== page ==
Projective Identification: How a Narcissist Projects Their Identity on Others

By: Christine Hammond LMHC


A client walked into my office for the first time and began to describe her husband as a narcissist. They had been married for 15 years, had two children, were well established in the community, and were both very career oriented. She came across an article about narcissism and that her husband fit the profile. Not interested in getting a divorce, she wanted to learn how to manage his narcissism.
But something seemed a bit off about her as she was too put together and completely lacked the usual anxious reaction that corresponds with living with a narcissist. Her appearance was immaculate, her mannerism was guarded, she shed what seemed like an obligatory tear, and within minutes she revealed her income, square footage of her house, and details of the latest European vacation. There was nothing about the kids, no admittance of even the slightest abuse, and no signs of PTSD, anxiety or depression. Then it hit me, she was the narcissist.
Twisted Perception. The distorted perception of reality that a narcissist possesses allows them to be the stars in a world that is centered on their wants and desires. Everything they see is colored by that viewpoint. The narcissist has a limited picture of life as they are the superior ones in beauty, knowledge, power, or influence. It is easier to think of it as seeing the world through 50 shades of yellow. Yellow because they are the bright shining stars in a world that caters to their demands.
This client viewed herself as perfect with an imperfect husband who needed to be fixed. She would play the victim card when backed into a corner of realization for her contribution to the marital issues. There was no acknowledgement of her wrong doing, a complete lack of remorse, and no empathy for anyone but herself.
Unhealthy Coping. This twisted perception is the perfect stage for utilizing denial, projection, and intellectualization as coping mechanisms. In order to maintain their perfect world, narcissists need to cope with anything that poses a threat to their reality. They usually start with simple defense mechanisms: denial (refusing to acknowledge the existence of a problem), projection (taking their negative emotional responses and assigning it to others), and intellectualization (distancing through overthinking so as not to feel). If those fail, they escalate to abusive measures.
Within the first hour of meeting, all of these defense mechanisms were exploited. She denied any issues with her children which is impossible with a narcissistic parent. She showed text messages from her husband that were mild in nature and claimed instead that he was furious. And when asked how she felt about an incident, she dodged the question by talking about her thoughts on the matter. When pressed for any signs of abusive treatment, she insisted that he could be violent but lacked any explanation of how or when.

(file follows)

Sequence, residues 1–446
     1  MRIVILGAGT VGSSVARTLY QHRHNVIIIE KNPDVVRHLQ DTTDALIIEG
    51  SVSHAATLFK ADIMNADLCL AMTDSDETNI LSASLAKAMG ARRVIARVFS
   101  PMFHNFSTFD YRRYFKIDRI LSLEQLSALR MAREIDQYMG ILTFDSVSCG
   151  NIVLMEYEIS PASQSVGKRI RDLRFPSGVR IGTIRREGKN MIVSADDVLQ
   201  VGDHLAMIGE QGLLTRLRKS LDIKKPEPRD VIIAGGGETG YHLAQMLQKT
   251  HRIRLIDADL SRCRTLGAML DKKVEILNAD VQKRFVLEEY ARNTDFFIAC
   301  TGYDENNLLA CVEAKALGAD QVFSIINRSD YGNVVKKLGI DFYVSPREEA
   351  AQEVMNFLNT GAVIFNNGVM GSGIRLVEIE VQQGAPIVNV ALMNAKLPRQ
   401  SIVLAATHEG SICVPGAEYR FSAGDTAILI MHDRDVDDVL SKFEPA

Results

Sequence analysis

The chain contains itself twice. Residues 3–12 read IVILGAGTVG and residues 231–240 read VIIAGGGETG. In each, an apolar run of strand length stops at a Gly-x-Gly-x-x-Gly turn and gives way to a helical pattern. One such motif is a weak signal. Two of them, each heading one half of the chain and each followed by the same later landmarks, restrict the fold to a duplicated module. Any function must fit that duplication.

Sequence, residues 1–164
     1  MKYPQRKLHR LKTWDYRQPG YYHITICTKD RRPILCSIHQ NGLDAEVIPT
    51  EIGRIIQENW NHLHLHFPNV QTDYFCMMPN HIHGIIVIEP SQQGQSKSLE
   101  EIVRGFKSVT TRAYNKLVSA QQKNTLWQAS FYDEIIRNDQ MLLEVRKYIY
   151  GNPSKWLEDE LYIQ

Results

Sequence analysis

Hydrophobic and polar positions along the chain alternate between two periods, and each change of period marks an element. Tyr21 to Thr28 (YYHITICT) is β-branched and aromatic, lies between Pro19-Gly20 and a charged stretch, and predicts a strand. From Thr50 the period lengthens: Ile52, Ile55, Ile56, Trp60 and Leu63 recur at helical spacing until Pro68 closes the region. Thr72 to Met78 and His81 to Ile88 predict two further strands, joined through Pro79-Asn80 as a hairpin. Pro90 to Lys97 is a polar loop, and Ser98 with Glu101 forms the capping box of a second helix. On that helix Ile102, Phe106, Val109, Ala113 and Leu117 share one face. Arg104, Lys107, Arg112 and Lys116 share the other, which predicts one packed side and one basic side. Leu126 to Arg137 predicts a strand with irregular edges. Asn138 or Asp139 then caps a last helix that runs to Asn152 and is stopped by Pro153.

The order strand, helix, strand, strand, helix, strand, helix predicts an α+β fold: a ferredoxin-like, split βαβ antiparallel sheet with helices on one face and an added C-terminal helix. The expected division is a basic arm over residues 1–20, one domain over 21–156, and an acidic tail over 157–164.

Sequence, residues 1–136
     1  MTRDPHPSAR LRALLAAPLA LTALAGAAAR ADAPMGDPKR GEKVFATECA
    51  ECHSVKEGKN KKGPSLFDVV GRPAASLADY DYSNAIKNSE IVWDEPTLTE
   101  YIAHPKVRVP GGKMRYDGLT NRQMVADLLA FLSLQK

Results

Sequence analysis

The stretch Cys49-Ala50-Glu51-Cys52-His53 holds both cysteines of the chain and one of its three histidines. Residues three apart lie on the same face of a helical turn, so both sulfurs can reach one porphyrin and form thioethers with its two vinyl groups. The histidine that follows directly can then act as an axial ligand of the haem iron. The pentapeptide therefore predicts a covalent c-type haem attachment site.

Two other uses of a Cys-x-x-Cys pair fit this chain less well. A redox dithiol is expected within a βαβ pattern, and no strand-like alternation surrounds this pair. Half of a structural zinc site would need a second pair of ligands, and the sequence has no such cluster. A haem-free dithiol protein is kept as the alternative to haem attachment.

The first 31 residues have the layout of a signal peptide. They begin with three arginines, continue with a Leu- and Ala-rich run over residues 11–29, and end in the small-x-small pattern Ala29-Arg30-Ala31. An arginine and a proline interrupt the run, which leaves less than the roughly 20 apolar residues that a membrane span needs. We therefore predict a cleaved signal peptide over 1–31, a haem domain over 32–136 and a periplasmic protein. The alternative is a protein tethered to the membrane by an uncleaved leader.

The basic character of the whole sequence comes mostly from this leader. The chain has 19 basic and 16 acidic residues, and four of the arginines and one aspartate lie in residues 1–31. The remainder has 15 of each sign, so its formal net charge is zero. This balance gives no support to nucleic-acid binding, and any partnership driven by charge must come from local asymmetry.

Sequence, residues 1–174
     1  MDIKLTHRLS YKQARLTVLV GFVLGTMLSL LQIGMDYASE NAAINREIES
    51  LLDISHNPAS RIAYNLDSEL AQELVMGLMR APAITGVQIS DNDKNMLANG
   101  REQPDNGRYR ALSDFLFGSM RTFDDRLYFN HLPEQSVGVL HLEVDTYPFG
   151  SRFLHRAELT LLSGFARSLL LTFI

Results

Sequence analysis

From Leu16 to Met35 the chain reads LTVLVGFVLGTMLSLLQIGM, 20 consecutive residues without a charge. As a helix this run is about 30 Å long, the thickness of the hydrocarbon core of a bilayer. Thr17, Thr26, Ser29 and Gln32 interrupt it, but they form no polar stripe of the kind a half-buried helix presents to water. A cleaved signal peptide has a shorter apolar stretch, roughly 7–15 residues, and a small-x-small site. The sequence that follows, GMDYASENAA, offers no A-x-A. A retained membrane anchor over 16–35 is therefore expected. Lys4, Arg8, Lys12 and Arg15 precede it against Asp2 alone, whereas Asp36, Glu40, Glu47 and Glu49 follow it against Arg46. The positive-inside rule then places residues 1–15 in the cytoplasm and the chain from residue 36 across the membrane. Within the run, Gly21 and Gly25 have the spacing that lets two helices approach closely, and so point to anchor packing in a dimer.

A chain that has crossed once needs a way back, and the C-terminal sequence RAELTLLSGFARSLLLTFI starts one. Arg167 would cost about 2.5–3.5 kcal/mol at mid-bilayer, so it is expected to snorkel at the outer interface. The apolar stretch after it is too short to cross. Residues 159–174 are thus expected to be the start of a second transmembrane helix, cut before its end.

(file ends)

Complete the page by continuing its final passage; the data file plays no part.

Projective Identification. Taking projection one step further, a person assigns an aspect of their personality onto another person. In the case of narcissism, all of the narcissistic traits may be splintered off and attributed to a spouse. This is done at an unconscious level where the narcissist is not even aware of what they have done. In some cases, it may be malicious but for the most part it is due to their twisted perception of reality where the narcissist must remain perfect.
While it appeared in our first encounter that my client was doing this to her spouse, it was further confirmed by meeting her husband. He had zero signs of narcissism and instead was extremely co-dependent. His natural tendency was to enable the narcissism as he adopted the viewpoint that she was perfect and he was the one with the problem. He even agreed that she was right and he was narcissistic.

It took many sessions to reveal the actual narcissist. The projective identification was so integrated and well managed that it required much convincing to expose the real narcissist. The unraveling of the truth was painful at first but then it transitioned into healing as the husband was able to see the multiple colors of reality instead of only yellow narcissism.
To schedule an appointment with Christine Hammond, please call our office at 407-647-7005.


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